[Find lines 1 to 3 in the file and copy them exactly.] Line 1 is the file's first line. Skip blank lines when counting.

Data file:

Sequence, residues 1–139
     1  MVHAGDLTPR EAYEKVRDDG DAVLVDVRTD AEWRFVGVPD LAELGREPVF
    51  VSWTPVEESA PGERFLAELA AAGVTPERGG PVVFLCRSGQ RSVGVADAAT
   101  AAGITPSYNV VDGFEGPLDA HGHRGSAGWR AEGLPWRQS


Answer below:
Sequence, residues 1–139
     1  MVHAGDLTPR EAYEKVRDDG DAVLVDVRTD AEWRFVGVPD LAELGREPVF
    51  VSWTPVEESA PGERFLAELA AAGVTPERGG PVVFLCRSGQ RSVGVADAAT